One Sunday as a Berry College student in the ’70s I approached the big front doors of the First Baptist Church of Rome, Ga., unsure of what I’d find on the other side. It was a more imposing structure than what had long been my church home in the upper reaches of the state.
One of those tall doors swung open and I was greeted by a welcoming smile and a firm handshake from Earl Tillman. Ever since I’ve felt at home when visiting that fine congregation.
Earl has advanced the southern tradition of storytelling around northwest Georgia and well beyond for decades. Now his positive personality shines through in a new book from Nurturing Faith.
Never Repress Laughter: Stories to Bring Smiles, Memories, and Gratitude by Earl D. Tillman is packed full of tales — from his rural upbringing in South Georgia, through a sterling career in the insurance business to experiences as a flight instructor.
As a young person Earl and his twin brother, Ed, attended the former Berry Academy. After college and career took him elsewhere, he and his wife, Carolyn, settled in Rome, Ga., to raise their family. Eventually, Earl served as Assistant to the President at Berry College.
His deep and continuing love of aviation as a pilot and flight instructor recently led to the naming of “Earl Tillman Drive” at the local Richard B. Russell Airport.
Through the many years Earl has kept smiling — though life has brought its share of grief and challenges. Earl and Carolyn lost their son, Gary, and granddaughter, Hannah, to a small plane crash in December 2005.
Beyond the quilt-work of humorous stories that comprise this book, Earl tells of how that time of incredible loss and grief was met by kindness and grace. He offers hope that others will find such care in their sufferings.
“Each time I see a news report of someone losing a child or family member that is missing,” Earl writes, “I just hope they have a network of friends and family to support them.”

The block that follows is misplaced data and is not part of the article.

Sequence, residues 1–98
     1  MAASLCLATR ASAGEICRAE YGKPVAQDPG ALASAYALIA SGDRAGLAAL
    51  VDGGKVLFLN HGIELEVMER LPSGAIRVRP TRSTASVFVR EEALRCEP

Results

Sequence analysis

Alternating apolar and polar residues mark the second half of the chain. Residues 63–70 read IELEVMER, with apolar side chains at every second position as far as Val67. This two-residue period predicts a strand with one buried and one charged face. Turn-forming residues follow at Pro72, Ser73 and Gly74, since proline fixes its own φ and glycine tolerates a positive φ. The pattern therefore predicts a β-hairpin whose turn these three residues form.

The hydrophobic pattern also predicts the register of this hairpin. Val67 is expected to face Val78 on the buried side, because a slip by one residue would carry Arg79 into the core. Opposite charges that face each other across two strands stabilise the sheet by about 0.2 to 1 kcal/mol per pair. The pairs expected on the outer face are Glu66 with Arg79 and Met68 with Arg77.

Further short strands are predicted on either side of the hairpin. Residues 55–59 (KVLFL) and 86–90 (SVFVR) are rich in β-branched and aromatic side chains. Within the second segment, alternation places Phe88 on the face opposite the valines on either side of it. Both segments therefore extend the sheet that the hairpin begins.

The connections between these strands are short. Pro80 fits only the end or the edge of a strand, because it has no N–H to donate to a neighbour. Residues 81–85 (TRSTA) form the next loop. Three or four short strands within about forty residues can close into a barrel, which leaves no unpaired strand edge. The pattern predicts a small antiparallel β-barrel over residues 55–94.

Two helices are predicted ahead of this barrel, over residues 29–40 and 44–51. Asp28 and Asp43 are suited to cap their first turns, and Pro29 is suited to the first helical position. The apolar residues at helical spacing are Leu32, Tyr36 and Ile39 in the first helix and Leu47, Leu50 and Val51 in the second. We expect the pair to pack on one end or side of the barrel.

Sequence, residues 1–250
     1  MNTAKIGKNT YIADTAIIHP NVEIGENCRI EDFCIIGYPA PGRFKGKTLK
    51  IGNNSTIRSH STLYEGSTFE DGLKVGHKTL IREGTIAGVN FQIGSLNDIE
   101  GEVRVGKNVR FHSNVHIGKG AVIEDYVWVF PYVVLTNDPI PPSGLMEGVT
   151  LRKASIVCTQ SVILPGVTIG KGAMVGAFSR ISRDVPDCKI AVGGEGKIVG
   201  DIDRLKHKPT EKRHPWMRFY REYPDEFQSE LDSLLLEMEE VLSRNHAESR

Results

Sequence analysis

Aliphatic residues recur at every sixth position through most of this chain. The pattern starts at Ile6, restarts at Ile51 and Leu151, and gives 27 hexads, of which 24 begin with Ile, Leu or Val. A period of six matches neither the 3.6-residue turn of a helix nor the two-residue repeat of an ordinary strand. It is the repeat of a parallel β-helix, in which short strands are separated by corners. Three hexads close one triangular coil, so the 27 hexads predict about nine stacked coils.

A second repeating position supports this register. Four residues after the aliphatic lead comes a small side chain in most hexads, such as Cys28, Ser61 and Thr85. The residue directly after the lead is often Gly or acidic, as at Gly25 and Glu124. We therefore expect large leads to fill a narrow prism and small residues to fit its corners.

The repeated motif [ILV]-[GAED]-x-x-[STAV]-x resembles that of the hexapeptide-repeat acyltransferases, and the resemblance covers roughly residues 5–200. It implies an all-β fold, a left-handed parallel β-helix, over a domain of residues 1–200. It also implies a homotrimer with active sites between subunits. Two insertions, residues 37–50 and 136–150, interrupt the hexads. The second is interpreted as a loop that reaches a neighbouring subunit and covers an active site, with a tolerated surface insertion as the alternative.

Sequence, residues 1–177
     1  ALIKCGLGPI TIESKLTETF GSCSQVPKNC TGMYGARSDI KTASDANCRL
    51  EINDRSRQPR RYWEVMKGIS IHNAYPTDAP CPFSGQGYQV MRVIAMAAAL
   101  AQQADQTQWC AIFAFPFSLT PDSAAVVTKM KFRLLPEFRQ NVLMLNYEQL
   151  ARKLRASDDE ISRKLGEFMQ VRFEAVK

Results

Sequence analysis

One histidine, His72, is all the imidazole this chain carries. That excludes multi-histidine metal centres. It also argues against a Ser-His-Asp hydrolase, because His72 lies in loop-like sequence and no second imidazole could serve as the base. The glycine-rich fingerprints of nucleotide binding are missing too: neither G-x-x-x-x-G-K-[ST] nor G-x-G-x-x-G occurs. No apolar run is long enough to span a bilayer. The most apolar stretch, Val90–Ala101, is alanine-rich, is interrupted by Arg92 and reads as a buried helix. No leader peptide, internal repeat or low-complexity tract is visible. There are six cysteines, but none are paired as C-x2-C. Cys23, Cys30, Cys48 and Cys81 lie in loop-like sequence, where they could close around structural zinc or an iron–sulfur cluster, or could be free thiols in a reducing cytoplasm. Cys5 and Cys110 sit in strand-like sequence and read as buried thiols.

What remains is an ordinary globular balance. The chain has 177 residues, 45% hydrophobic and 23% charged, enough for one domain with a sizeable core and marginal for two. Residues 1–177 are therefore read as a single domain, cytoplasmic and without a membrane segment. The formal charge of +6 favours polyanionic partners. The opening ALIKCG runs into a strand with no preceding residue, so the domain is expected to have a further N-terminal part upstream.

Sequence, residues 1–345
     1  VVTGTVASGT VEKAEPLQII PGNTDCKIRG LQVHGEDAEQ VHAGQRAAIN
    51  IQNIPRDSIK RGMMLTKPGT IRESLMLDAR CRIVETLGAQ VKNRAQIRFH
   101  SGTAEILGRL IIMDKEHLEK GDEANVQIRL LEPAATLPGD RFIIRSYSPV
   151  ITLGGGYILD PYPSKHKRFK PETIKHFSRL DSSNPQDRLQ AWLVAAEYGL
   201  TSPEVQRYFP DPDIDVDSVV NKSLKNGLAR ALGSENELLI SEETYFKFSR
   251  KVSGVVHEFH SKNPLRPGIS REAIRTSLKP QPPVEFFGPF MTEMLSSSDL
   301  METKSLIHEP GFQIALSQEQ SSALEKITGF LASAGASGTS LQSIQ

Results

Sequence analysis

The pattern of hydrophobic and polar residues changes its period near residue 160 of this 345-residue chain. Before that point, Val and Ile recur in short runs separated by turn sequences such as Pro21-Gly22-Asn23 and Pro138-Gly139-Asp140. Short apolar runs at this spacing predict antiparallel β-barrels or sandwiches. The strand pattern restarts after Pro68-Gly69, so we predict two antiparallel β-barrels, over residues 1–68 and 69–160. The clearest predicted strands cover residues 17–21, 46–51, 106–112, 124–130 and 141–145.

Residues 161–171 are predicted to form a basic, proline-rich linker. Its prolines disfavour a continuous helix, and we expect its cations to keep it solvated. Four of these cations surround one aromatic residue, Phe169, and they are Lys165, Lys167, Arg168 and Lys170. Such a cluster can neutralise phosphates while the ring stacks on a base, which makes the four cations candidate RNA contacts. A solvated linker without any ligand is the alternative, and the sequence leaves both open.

In addition to their faith-based hope, Earl said he and his family have found healing in remembering the times of laughter they all shared. He not only internalizes such positivity but conveys it to others — with a renewed sensitivity to those who experience the pain of loss.
“Even though you are hurting inside, you have just got to keep on smiling, remembering the good times you had together,” Earl writes.
He even offers something of a benediction: “For those who suffer loss, may you receive the comfort you need. May the tide roll back in your life and the mountaintops remind you to keep looking up. I hope you have a strong faith and believe that life’s greatest reward is to help someone else along the way.”
Earl’s good life — filled with faith, family, fun and flying — flows through the pages of this book. He is a welcoming friend, a storyteller and an encourager.
Get Earl’s book; it will make you smile. And get to know Earl by inviting him to speak to your group. His contact information comes with the book.
Both his written and spoken words bring needed warmth and joy amid the seriousness and cynicism that seek to pull us down. Joy comes in the morning — or anytime you read or hear Earl Tillman.